The community is wonderful. I think cars are natural conversation starters that allow someone to drop their walls and connect with someone on a genuine level around a common passion. I’ve met some great people through regional Volkswagen/Audi/European shows who are crazy supportive of one another. There’s a local “cars and coffee” style event that happens monthly during the summer that’s more small-scale – perhaps around 60 vehicles on any given night – and it leads to seeing a lot of different things outside my typical preferences. There’s a group out of Pittsburgh that puts on amazing, yearly shows that eclipse a few hundred cars with some magazine-worthy, high-quality builds. They all have elements I enjoy in them – so long as people are respectful of others and the property it’s usually a good time.
What made you decide to start an Instagram account dedicated to your passion?
The Instagram account was started a while ago, and just kind of grew into what it is now. Of all the social media platforms, I like Instagram the best. Not only am I more visual and have an endless pool of inspiration, but the need to have some photo to post usually weeds out discourse that I don’t want to see. I dislike Facebook for that reason, the amount of ignorance over perceived problems is out of control. I have one, but it only serves as a conduit for managing social accounts for my day job and getting information about car events that have no other online presence.
What is it like to own an F60 Mini Countryman?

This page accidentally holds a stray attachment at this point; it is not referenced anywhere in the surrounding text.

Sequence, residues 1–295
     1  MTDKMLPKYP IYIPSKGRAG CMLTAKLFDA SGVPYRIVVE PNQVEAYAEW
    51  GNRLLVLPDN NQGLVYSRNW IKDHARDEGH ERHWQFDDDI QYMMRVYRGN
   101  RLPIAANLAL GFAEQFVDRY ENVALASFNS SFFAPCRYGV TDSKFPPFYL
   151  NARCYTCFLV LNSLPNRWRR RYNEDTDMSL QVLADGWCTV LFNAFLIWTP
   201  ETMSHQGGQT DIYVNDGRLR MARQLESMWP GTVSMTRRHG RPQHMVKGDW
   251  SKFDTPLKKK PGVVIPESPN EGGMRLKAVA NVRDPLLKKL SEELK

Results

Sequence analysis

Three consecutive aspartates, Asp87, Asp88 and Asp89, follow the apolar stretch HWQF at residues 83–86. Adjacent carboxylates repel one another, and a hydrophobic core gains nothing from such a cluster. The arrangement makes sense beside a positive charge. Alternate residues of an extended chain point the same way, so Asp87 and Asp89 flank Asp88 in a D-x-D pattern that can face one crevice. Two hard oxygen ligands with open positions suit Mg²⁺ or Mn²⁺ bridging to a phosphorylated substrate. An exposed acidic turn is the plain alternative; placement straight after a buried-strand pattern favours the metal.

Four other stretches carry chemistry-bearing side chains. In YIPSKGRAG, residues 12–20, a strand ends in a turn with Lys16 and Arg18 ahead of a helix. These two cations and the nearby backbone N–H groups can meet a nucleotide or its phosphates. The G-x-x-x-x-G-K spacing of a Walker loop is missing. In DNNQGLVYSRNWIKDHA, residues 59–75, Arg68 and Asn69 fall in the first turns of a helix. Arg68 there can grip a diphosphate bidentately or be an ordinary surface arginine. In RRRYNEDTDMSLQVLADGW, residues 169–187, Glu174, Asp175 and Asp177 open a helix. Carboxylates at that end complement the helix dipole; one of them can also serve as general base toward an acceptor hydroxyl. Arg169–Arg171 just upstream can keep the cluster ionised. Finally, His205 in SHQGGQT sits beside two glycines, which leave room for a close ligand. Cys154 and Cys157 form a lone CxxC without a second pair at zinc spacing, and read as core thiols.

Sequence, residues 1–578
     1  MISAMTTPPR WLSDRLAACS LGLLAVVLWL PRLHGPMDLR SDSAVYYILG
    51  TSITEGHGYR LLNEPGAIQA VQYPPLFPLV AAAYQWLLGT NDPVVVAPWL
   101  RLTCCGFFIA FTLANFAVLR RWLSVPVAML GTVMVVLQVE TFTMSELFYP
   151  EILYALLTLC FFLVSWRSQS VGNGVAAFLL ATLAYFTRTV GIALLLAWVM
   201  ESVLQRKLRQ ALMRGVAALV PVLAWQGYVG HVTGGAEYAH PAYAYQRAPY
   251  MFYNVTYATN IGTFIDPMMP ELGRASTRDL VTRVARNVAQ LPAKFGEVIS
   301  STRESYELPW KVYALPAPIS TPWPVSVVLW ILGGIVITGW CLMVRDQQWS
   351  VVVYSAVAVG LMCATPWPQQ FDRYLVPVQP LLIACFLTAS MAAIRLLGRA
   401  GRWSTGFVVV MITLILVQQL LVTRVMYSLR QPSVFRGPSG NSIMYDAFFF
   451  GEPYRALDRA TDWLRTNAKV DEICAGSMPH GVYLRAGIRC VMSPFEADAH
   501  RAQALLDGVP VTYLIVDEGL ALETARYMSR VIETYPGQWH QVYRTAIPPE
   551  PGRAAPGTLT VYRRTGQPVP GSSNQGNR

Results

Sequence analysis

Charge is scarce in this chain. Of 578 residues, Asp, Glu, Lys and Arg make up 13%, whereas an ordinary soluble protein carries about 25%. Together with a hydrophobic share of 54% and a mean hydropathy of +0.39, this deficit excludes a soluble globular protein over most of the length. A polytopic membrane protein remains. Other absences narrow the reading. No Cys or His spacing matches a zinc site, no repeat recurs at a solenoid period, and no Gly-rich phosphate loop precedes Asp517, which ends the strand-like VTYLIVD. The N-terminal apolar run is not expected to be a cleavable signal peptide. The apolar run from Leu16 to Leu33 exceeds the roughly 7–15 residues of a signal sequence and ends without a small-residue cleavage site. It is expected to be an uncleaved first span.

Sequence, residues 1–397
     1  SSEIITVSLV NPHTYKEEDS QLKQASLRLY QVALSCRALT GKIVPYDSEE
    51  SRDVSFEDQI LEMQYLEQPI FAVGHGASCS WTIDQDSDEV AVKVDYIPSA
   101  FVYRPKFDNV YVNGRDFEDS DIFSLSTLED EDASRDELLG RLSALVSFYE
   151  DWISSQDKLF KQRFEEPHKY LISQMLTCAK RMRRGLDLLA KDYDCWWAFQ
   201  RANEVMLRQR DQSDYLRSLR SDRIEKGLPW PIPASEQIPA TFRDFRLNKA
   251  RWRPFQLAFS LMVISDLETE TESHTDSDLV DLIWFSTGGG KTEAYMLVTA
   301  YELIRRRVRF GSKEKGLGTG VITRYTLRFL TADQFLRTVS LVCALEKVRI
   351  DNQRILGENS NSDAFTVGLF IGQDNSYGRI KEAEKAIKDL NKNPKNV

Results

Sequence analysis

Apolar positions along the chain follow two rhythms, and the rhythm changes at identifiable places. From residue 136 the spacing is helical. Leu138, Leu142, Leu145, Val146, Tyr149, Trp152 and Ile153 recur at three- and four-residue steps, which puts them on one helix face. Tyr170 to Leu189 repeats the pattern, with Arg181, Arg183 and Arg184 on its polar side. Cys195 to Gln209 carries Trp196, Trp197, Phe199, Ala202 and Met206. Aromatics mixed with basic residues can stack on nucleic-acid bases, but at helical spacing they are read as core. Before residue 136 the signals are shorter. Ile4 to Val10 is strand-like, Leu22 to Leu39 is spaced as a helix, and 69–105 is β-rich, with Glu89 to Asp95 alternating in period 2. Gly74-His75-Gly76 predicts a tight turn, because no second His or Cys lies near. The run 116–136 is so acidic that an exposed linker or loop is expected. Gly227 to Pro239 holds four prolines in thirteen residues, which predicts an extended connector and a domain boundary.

I like it. I’ve always been a hatch/wagon guy. The craftsmanship and fit and finish is great, and it’s a comfortable daily for being lowered 4.5 inches. The nearest Mini dealers are at least a two-hour drive away, so there’s not many in my area. I like taking something atypical and doing something even more unique to it. And by blasting it out on social media, I’ve had wonderful conversations with people from the U.K., Germany, Russia, Japan, South America and across the United States.
What photography equipment and editing software do you like to use?
I’m a big Fujifilm guy. I’ve got an admittedly dated X-T10 body, but invested in some of Fuji’s beautiful glass, particularly the XF16 1.4 and XF56 1.2. An updated body will come shortly. For editing, I use Adobe Lightroom exclusively. Through tinkering, I’ve been able to create presets that I use in most scenarios to at least get a start in editing.
Who is your favourite photographer?
A few that provide me regular inspiration on Instagram are Simon Auslund (@auslund), Bret Curry (@bretcurry), a fellow simply known by Seigo @unbird_seigo and Jesse Proie (@proiesworld). They all have a different style. Seigo does crazy things with depth of field and bokeh. Simon has amazingly solemn shots from misty nights where the lighting is part calming, part horror film. Bret takes portraiture to another level and Jessie (who is from my area) pulls off amazingly clever images from places I’ve been, shedding a whole new light on them.
Name a few of your favourite Instagram car photography accounts?
There’s so many! I think a lot of my original inspiration came from Larry Chen (@larry_chen_foto), one of the original photographers for Speedhunters. On top of that, one of the regional guys, Andrew Sutter (@andrewshutter) did work that inspired me early within the Euro scene, and he moved to my town a couple years ago and I got to talk with him at events this summer. About a year ago, I stumbled upon John Jackson (@notstockphoto) who shoots a lot of commercial hotrod clients and is the gold standard in my mind for professional photos that hit a lot of magazines. The last one that’s been particularly inspiring is a guy who goes by @jam9k who takes a lot of crisp, single flash photos that are spectacular.
Where can our readers find out more about you and your photography?
Mainly my website, https://www.zanelacko.com/. For every client/meet I shoot, I do try to update and post in the blog section and keep it up-to-date. Also, my direct messages in Instagram are always open, and I do try to respond to all of them.
I would like to thank Zane for taking the time to speak with me. Be sure to visit his website and give him a follow on Instagram: @z_lacko